As a newly appointed Training Director for a large organization I was asked to make a presentation of my training plan to senior management.
I presented them with a three year plan with learning paths for different employee groups. To do this I had consulted with the company’s five year strategic plan, their service vision and the recently announced corporate values.
I met with a sampling of senior managers, middle management, and different employee groups for their opinions and insights for a solid training program. I felt this provided me with a picture of the organization”s preferred future. Since I was hired to head up a new training portfolio I made the assumption that a comprehensive program was expected.
I walked into the conference room, excited and optimistic to make my presentation knowing that I had a good plan that would support the future direction of the company.
The room was populated by the executive team who were eerily quiet as I made my presentation. I provided projected budget numbers for my proposed three year program and had barely finished when the CEO interrupted and said that this is a very altruistic plan but as soon as we have invested all these resources in our employees they will take their knowledge with them and get a better job somewhere else. So in essence we are paying to educate our employees for the benefit of the competition.
I have to admit I was stymied. Being new to the organization I didn’t quite know how to respond. Thankfully the Human Resources VP, who had hired me came to my defence. I was told they would get back to me. But not surprisingly, I didn’t get approval so the program did not go ahead and I was tasked with delivering the status quo with a modest budget. My HR sponsor debriefed with me and said the organization wasn’t ready for what I had prescribed.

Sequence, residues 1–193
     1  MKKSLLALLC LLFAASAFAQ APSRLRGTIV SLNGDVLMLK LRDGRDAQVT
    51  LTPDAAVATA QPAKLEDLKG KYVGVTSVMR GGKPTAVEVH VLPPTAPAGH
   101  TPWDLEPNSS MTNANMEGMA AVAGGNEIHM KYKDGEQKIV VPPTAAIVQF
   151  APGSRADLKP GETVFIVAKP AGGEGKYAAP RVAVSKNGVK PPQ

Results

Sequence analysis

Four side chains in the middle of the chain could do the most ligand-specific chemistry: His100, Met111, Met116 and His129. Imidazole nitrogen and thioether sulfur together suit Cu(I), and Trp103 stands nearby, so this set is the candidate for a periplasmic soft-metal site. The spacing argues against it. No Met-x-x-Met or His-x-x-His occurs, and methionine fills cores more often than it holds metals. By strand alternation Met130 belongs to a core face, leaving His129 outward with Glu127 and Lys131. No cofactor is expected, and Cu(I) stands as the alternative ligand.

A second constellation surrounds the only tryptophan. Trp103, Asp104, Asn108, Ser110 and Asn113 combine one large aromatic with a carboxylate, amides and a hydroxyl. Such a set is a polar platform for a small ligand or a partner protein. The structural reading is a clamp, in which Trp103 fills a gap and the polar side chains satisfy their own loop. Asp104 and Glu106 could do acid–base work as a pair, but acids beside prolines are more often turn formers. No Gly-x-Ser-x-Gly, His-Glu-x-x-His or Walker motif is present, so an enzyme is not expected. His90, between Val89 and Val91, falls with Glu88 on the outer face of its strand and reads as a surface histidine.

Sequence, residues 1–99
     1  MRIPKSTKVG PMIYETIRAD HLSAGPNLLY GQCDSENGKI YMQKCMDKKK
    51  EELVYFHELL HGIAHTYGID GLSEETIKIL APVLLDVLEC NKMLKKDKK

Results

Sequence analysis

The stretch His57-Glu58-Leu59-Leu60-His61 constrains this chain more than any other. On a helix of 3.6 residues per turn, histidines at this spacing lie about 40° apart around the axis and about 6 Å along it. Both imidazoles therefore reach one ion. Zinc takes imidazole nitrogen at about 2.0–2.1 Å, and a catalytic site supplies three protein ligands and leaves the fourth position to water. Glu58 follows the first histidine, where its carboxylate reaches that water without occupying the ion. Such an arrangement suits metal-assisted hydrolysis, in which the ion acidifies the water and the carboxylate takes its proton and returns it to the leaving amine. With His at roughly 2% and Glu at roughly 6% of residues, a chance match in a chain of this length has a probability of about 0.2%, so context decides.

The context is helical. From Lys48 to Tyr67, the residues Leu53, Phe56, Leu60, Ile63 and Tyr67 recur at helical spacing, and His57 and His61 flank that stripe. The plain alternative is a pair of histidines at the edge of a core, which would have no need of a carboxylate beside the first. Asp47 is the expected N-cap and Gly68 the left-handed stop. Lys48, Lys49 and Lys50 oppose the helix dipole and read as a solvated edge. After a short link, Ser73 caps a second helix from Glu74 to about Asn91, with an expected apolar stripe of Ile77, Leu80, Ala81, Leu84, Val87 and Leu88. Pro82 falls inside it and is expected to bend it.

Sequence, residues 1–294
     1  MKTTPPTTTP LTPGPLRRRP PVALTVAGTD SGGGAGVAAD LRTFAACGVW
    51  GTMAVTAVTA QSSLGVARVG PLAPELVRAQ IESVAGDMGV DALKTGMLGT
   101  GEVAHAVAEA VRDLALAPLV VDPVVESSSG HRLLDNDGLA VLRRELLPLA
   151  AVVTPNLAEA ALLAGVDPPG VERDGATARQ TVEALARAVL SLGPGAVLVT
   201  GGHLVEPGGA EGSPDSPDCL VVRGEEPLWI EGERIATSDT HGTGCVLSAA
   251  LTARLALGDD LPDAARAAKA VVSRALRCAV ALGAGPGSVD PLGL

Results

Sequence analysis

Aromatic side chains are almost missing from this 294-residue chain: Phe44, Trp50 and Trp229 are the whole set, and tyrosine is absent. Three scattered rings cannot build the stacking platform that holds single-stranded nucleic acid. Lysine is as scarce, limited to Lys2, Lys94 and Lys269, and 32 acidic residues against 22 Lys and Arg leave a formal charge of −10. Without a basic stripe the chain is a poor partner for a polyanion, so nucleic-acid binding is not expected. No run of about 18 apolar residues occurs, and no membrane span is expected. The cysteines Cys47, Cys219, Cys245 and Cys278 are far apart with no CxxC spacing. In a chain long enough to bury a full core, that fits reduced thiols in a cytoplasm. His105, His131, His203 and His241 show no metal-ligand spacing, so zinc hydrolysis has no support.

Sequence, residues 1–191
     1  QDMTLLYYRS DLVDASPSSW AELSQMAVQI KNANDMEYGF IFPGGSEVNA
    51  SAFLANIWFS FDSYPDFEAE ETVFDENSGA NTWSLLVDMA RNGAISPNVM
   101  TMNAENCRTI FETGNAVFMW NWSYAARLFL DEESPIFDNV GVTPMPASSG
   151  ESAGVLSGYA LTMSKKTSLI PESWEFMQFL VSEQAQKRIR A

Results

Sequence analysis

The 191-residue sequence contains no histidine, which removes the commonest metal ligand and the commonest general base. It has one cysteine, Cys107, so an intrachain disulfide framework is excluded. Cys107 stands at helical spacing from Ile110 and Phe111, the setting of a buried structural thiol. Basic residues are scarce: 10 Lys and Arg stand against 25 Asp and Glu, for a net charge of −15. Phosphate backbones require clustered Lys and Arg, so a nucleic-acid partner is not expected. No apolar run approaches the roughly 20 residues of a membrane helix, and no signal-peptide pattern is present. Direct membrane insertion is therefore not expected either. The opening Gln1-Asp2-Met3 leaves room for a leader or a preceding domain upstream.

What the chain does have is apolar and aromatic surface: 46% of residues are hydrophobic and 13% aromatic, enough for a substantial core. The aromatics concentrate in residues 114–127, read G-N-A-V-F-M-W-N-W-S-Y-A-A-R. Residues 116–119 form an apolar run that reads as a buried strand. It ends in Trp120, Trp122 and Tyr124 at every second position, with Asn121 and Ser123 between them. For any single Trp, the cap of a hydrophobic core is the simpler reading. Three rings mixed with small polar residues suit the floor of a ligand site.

Years later I still think about this. Had this organization created a training team simply to create the optics of being a progressive organization? Or perhaps I hadn’t done my homework. Had I failed to provide a convincing ROI on my training plan?
I have since worked for other organizations that do not pay lip service to training. They realize that having a solid training program and professional development support is a strong incentive to attract new talent who are highly motivated and want to grow and contribute with the organization.
With the changing demographics, retaining employees is one of the major challenges for many organizations. A generous salary package might entice them into the company but the opportunity to learn, build their skills and grow their careers is often what keeps them there. There is little evidence that employees simply take advantage of learning opportunities and then run to the competition. While high performing employees may eventually outgrow their company when they reach their career potential there, they will have provided exemplary service.
If I could go back to that meeting that occurred years ago, I would have included the cost of turnover due to employees looking elsewhere to build their toolkits.
It is gratifying that today there are so many new organizations that know that a training investment in an employee is an investment in the profitability of the company. And if an employee leaves after a number of years of exemplary services, the organization will have not only received their money’s worth but helped build a career that will further benefit the entire industry.